ON THE SIZE OF THE WORK FORCE" NECESSARY FOR SEVERAL MONTHS AFTER THE
 JOB WAS ASSIGNED.  (TR 94) AT PEARL HARBOR, RESPONDENT'S CREW HAD TO
 INTERFACE HEAVILY WITH CREWS OF THE PEARL HAR0OR NAVAL SHIPYARD, WHICH
 HAD TO COMPLETE WORK ON THE TWO GENERATORS BEFORE THE MINS CREW COULD
 BEGIN ITS ASSIGNED WORK ON THE SAME TWO GENERATORS.
 
    6.  THE TDY ASSIGNMENT TO PEARL HARBOR, WAS A TYPICAL TDY SITUATION
 IN THAT THERE WAS AN "OVERKILL," AT FIRST, WITH TWELVE-HOUR SHIFTS, AND
 THEN A CUT BACK, TO NINE HOURS, TO BRING COSTS INTO LINE. THE WEIGHT OF
 THE EVIDENCE SHOWS THAT THE MACHINISTS, WHILE WARNED TO EXPECT LONG
 HOURS, WERE NOT ASSURED THAT THE TWELVE HOUR SHIFTS WOULD CONTINUE
 THROUGHOUT THE ASSIGNMENT.  SEE FINDING 3, SUPRA.  ONE MACHINIST, ROBERT
 RENTFROW, TESTIFIED TO THE CONTRARY.  SEE FINDING 3C, SUPRA.  HOWEVER,
 TWO OTHER MACHINISTS WERE LEFT WITH THE IMPRESSION THAT THE TWELVE-HOUR
 SHIFTS WERE ONLY "ANTICIPATED" OR "PROBABLE." SEE FINDINGS 3A AND B.
 AND ONE ACKNOWLEDGED THAT THE WORK WAS TO BE FINISHED IN "A MOST
 EFFICIENT MANNER." SEE FINDING 3A.  THE GENERAL FOREMAN ON THE TDY
 ASSIGNMENT, UPON WHOSE STATEMENTS ALL THREE MACHINISTS RELIED, HIMSELF
 RECALLED GIVING NO GUARANTEE OF TWELVE-HOUR SHIFTS.
 
    7.  OVER 70 EMPLOYEES WERE SELECTED FOR THE PEARL HARBOR TDY JOB.
 EIGHTEEN WERE MACHINISTS, WHO WERE TO PERFORM THE ACTUAL MODIFICATION
 WORK.  AS IT REQUIRED IN ALL RADIOLOGICAL WORK, A MOCK-UP PRACTICE WAS
 UNDERGONE BEFORE THE EMPLOYEES WERE SENT TO PEARL HARBOR.  DURING THIS
 MOCK-UP PERIOD, THE EMPLOYEES, AT FIRST, KEPT TO THEIR REGULAR
 EIGHT-HOUR SHIFTS, AS PROVIDED IN THE AGREEMENT, AND WERE CALLED TO COME
 IN EARLY OR TO STAY OVER, AS NEEDED.  SOMEWHERE AROUND THE END OF MARCH,
 OR THE FIRST PART OF APRIL, THE EMPLOYEES, ON MOCK-UP TRAINING, WENT ON
 TWO, TWELVE-HOUR SHIFTS, WHILE STILL AT MINS.  ALTHOUGH SOME TECHNICAL
 PROBLEMS WERE SOLVED IN THE COURSE OF THE MOCK-UP, OTHER WERE NOT
 ANTICIPATED AND WERE CONFRONTED ONLY AFTER THE ACTUAL JOB BEGAN.  AS IS
 NORMAL ON TDY ASSIGNMENTS, THE EARLY STAGES OF THE WORK REQUIRED MORE
 TIME AND PERSONNEL BECAUSE THE ACTUAL WORK PROCEDURE WAS BEING
 ESTABLISHED, PROBLEMS WERE BEING ENCOUNTERED AND SOLVED, AND PREPARATORY
 TASKS WERE BEING PERFORMED.  AS THE WORK PROGRESSED AND PROBLEMS WERE
 SOLVED, THERE WAS NO LONGER THE SAME NEED.  IN ALL, MR. RUST SCHEDULED
 FIVE CHANGES IN SHIFT HOURS FOR ALL PERSONNEL ON THE PEARL HARBOR TDY
 JOB.  THE FIRST CONTINGENT OF THE MACHINISTS ARRIVED IN PEARL HARBOR
 AROUND APRIL 3.  THEY SWITCHED BACK AND FORTH BETWEEN THE DAY OR
 GRAVEYARD SHIFT, AS NEEDED.  THE ACTUAL MODIFICATION WORK BEGAN AROUND
 APRIL 16;  AND THE MACHINISTS WERE PUT ON FOUR, TWELVE-HOUR SHIFTS, WITH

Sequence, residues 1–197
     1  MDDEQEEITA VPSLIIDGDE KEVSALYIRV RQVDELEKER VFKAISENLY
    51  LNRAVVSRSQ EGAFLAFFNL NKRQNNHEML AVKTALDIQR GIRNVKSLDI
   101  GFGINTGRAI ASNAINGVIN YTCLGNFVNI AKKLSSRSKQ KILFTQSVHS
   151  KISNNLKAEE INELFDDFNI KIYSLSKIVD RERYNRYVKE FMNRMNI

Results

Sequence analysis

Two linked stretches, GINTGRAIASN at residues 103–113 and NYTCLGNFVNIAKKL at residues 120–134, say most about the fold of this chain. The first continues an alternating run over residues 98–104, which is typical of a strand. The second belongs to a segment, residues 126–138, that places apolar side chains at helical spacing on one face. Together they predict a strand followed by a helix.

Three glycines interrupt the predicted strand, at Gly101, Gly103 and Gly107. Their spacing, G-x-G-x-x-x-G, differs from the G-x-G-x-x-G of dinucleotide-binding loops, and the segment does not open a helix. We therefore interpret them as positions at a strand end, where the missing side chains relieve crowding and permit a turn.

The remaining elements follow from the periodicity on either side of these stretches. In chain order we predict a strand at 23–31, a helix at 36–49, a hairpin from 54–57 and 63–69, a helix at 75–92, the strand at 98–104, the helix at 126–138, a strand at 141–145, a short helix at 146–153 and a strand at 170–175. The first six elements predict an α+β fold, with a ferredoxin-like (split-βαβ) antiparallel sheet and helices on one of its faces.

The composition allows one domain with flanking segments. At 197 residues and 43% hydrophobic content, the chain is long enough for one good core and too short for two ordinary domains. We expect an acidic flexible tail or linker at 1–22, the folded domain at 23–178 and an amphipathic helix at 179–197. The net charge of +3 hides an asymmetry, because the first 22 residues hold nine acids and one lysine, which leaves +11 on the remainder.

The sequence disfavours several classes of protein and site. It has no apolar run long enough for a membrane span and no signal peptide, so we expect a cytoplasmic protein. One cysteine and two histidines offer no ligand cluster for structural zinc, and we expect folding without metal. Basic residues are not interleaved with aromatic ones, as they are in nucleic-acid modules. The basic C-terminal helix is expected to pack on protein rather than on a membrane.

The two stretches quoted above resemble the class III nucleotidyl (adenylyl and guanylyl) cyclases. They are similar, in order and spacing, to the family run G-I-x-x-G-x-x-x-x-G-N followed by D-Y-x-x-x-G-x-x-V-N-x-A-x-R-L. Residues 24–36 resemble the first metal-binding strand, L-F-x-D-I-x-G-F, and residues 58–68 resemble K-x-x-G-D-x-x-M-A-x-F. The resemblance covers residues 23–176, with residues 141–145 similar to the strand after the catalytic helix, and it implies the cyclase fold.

FOUR ASSIGNED TO EACH SHIFT, IN TWO-MAN TEAMS EACH PERFORMING THE
 IDENTICAL JOB.  THE TWELVE-HOUR SHIFTS WERE WORKED UP UNTIL MAY 5, WHEN
 A CUTBACK TO NINE-HOUR ONES WAS PUT INTO EFFECT.  AFTER THE CUTBACK, THE
 MACHINISTS CONTINUED TO WORK ON THE SAME TWO-MAN TEAMS;  AND THE SAME
 TWO TEAMS WERE ASSIGNED TO EACH SHIFT.  BY JUNE 2, THE TDY ASSIGNMENT
 WAS FINISHED.  THE FIRST CONTINGENT LEFT PEARL HARBOR ON MAY 23.
 
    8.  THE DECISION TO CUT THREE HOURS OFF THE TWELVE-HOUR SHIFTS WAS
 MADE AFTER IT BECAME APPARENT, TO RESPONDENT, THAT FATIGUE FROM THE LONG
 SHIFT WAS STARTING TO SHOW ON THE EMPLOYEES, AND THAT THEY WERE BECOMING
 LESS PRODUCTIVE AND STARTING TO BICKER WITH EACH OTHER.  ALSO, THE U.S.
 NAVY REPRESENTATIVES AT THE SITE WERE CONSTANTLY POINTING OUT THE FACT
 THAT MINS WAS "SPENDING AN AWFUL LOT OF MONEY RAPIDLY," AND THEY "WERE
 NOT CONVINCED THAT THE PEOPLE WERE TOTALLY BEING UTILIZED THAT WERE ON
 THE JOBSITE FOR THOSE TWELVE HOUR SHIFTS." (TR 125)
 
    9.  THE THREE MACHINISTS WHO TESTIFIED AT THE HEARING WERE UPSET BY
 THE CUTBACK IN HOURS.  THE CUT AFFECTED THE AMOUNT OF TIME THEY HAD TO
 PREPARE FOR THE SIX-HOUR STRETCH SPENT IN THE CRAMPED, RADIOACTIVE
 ENVIRONMENT OF THE WORKSPACE.  THE PREPARATION TIME WAS SPENT ON A
 VARIETY OF TASKS PRIMARILY RELATED TO SORTING, MODIFYING AND PREPARING
 EQUIPMENT.  AFTER APPROXIMATELY THREE WEEKS, THESE TASKS WERE NO LONGER
 REQUIRED.  AS A RESULT OF LESS PREPARATION TIME, MOST OF THE MECHANICS
 GOT "A LITTLE UP-TIGHT" AND EXPERIENCED "A LITTLE TENSENESS AMONG THE
 CREW THAT (THEY) WERE WORKING WITH AS A TEAM," AND WERE "A LOT MORE
 RUSHED." (TR 27, 48).  ALSO, THE CUTBACK IN HOURS RESULTED IN A LOSS OF
 EARNINGS.  FEWER HOURS WERE WORKED, AND THE NEW SHIFT RESULTED IN A LOSS
 OF THE 10 PERCENT GRAVEYARD DIFFERENTIAL FOR THOSE ON THAT SHIFT.
 INSTEAD, THEY WENT TO A 7 1/2 PERCENT DIFFERENTIAL.  TWO OF THE
 MACHINISTS WERE COUNTING ON THE EXTRA PAY TO FINANCE TRIPS, TAKEN BY
 RELATIVES, TO JOIN THEM IN PEARL HARBOR.  ONE MACHINIST WAS COUNTING ON
 THE EXTRA PAY TO CARRY HIM WHILE HE WAS OFF WORK AND HAVING AN
 OPERATION.
 
    10.  EMPLOYEES WHO VOLUNTEER FOR TDY ASSIGNMENTS GENERALLY DO SO
 BECAUSE THEY CONSIDER THEM TO BE A "GOOD DEAL." (TR 167) THE THREE
 MACHINISTS WHO TESTIFIED AT THE HEARING VOLUNTEERED FOR THE TDY
 ASSIGNMENT TO PEARL HARBOR BECAUSE OF THE EXPECTATION OF EXTRA MONEY